Moreover, the Greek problem may not be unique. Coming up behind them may be bigger economies like the rest of PIGS, and maybe even Italy. Bail out the Greeks and what prevents the next one in line from insisting on the same help? An effective collapse of Greece’s ability to keep things together puts more pressure on the other dominos – yes, Greece’s economy is only a few percentage points of the EU’s overall economy – but Italy and Spain are a whole lot bigger. Sure the ECB, France and Germany could hold their noses, swallow hard and support a bailout package for Greece after remonstrating against the Greeks for failing to carry out cuts in spending, but could they do the same to the rest of the European side of the Mediterranean littoral? And if things go down this path, doesn’t this practice of sequential bailouts of sovereign debt create some sort of national-level moral hazard as well? Go ahead, issue more bonds, the Germans will be the support of last resort anyway.

The growing consensus that the wealthy European nations – individually or via the EU and ECB – will eventually come to Greece’s aid has put some starch back into financial markets, giving hope that the economic troubles on the fringes of the Continent might not spread further. But there is apparently no deal on the table formally, yet. And so, European Union leaders are being forced to discuss what was, heretofore, almost unthinkable: bailing out a particularly profligate sovereign EU neighbour – or neighbours. Market participants expect a deal will be announced in a few days. But, if a deal (or bailout, depending on your point of view) doesn’t materialise, hold on to your hats for a new round of market volatility.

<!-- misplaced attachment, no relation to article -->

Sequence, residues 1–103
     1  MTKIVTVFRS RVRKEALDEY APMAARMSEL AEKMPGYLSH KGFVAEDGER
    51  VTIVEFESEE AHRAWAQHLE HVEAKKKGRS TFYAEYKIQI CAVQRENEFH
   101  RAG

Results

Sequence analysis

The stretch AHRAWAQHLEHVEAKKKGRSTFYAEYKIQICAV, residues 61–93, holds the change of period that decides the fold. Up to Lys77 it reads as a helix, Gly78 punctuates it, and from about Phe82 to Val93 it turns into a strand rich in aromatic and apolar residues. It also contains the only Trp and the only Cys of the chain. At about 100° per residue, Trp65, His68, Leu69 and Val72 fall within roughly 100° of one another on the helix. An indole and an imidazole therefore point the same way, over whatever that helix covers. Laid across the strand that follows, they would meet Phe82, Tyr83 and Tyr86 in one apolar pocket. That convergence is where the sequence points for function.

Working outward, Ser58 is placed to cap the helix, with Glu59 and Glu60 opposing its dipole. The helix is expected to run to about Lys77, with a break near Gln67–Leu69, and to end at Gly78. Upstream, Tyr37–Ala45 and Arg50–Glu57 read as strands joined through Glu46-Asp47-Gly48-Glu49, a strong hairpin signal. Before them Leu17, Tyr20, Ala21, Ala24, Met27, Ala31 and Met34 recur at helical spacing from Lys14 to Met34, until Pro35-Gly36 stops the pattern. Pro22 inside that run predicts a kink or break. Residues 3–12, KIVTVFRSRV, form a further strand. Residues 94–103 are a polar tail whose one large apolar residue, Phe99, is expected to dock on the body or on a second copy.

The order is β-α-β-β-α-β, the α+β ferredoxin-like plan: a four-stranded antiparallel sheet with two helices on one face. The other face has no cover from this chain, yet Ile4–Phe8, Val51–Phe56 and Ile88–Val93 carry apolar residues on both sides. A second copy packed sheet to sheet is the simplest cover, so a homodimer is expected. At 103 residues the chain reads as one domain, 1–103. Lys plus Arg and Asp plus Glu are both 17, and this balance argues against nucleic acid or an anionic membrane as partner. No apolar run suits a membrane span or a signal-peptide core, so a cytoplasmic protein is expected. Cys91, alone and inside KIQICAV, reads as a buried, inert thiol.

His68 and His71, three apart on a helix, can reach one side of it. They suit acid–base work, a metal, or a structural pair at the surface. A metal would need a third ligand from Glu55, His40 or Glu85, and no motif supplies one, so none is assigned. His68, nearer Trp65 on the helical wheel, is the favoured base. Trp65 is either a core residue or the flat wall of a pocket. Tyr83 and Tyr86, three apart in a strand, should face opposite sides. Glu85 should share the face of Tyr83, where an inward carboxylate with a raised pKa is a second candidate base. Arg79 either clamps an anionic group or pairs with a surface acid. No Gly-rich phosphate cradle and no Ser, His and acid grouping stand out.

EU finance ministers have apparently already been holding video-conferences about this, and Greek Prime Minister George Papandreou has been in Paris to meet with French President Nicolas Sarkozy, before going on to Brussels. EU national leaders are scheduled to meet on Thursday with ECB president Jean-Claude Trichet. But one anonymous senior official told the AP, “It will be like the weather, between today and tomorrow things can change.”

Yeah, like the weather in San Francisco or on Table Mountain. And good luck with herding the PIGS.

By J. Brooks Spector

For more, read the AP, the Christian Science Monitor, the Washington Post, and the New York Times

Photo: Greece’s Prime Minister George Papandreou addresses the Parliamentary Assembly of the Council of Europe in Strasbourg, January 26, 2010. REUTERS/Vincent Kessler


Please peer review 3 community comments before your comment can be posted